For my project, raters were used to determine what programs would “qualify” as a TPC program and which ones would not. Raters reviewed the curriculum data compiled in the spreadsheets. Lots of decisions had to be made through numerous conversations, and these conversations were similar to approach and spirit to what Peter Smagorinsky (2008) has called “collaborative coding,” which “provides a means through which levels of expertise may emerge through the process of discussion in relation to data” (402). While Smagorinsky is specifically discussing coding, the same process occurred as discussions were made about whether a program was a TPC program. I used at least two people at every stage of data collection. One of those people self-identified as a TPC academic teacher/scholar and the other self-identified as a TPC professional working outside of higher education. The raters changed through the course of the project, and in all, I used eight academic raters and nine working professional raters.
Often programs were excluded not because of what courses they offered, but rather by what courses they did not offer. “The field of technical communication is in many ways inscribed by technology. As a result, technical communication programs not only must provide students with a foundation in the theory and practice of the field, but also must give students some level of proficiency in the technology tools they will need to put that knowledge into service in the workplace” (Brumberger, 2003, p. 64). Thus, even with the field’s ongoing critique and discussion of the role of technology instruction in programs (e.g., Albers, 2022; Duin et al., 2021; Salvo, 2002) the instruction and emphasis of technology throughout the program ended up being a key marker as to whether a program qualified as a program. Closely related was the need for programs to have an emphasis on production. Students needed to be asked to make things. If a program did not have courses where students produced professional genres with and through technology then those programs were excluded. Thus, many programs, even if they called their degree program “professional writing,” (or some other variation of the name), were excluded from the dataset because the degree program did not include courses with a substantial technology and/or did not include a clear and integrated emphasis on production.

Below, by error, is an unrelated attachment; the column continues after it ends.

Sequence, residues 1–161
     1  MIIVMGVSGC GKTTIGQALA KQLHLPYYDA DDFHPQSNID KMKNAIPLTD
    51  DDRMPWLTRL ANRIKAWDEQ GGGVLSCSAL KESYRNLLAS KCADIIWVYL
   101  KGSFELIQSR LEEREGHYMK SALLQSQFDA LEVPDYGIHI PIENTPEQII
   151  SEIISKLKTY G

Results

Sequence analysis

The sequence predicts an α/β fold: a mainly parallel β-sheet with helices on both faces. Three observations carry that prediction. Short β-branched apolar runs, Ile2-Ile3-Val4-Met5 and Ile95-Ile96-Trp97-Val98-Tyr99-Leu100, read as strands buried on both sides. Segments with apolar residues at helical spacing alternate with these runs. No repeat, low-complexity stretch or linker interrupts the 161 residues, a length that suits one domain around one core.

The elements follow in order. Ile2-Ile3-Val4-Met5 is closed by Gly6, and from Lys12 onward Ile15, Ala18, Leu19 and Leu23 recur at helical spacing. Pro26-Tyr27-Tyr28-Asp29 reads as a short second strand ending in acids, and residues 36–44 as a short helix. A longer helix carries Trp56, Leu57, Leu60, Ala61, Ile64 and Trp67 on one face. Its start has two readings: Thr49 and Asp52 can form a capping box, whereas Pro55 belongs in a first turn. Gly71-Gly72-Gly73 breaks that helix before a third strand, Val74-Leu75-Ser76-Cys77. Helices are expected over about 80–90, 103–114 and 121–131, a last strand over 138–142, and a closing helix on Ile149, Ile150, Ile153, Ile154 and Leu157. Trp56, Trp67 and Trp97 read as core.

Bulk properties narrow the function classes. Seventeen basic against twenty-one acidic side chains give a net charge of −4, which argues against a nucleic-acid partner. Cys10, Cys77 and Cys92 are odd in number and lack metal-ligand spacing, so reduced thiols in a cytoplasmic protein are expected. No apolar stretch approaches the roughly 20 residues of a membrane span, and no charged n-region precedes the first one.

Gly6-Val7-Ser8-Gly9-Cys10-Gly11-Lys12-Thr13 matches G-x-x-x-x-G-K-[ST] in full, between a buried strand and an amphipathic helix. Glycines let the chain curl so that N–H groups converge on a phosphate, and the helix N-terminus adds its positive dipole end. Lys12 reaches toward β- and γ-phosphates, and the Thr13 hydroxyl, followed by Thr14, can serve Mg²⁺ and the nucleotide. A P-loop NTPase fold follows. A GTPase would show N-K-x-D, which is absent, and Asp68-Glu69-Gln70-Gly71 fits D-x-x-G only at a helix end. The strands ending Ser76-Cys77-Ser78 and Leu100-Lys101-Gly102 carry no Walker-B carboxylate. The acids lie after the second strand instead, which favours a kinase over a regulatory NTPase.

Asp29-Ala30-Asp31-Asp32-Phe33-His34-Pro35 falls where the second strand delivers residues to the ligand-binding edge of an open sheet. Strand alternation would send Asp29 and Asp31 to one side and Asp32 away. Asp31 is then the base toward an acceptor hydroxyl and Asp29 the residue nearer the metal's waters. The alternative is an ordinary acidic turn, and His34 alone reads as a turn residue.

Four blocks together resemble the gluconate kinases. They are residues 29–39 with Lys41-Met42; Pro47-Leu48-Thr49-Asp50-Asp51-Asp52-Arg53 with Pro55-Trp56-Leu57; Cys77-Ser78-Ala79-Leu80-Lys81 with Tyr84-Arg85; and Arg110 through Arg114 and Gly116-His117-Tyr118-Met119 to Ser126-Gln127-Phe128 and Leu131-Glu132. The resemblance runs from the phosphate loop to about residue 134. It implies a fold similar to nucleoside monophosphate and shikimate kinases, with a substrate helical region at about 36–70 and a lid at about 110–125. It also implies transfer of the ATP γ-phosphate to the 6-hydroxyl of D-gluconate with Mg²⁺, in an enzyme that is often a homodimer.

Without doubt, this process and the criteria that emerged can be critiqued in any number of ways. But, with all research projects, decisions are made to move the project forward, and decisions are made to provide clear boundaries for the project. However, I went into this project (as noted above) wanting to see how well programs were preparing students for the workplace, which includes daily writing in a variety of genres and formats mediated through technology. For TPC, the learning outcomes for a program have to include an emphasis on production or a theory to practice if those terms are preferred. The growing number of writing degrees indicates a strength in the field can offer to students, but different types of degrees can and should have different and clear learning outcomes. Those differences do matter to students, and TPC PAs should attend to those differences. Thus, the sample approach I used is but one approach that is embedded in my own belief that curricula should align with learning outcomes and those outcomes should align with the knowledges and skills necessary to find a job. Different degree programs can have different approaches, which is why it is easy to spot a TPC degree and see how it is different from a generalized writing degree. I encourage others to approach sampling differently, which will only afford the field important differing perspectives. </excerpt from book project>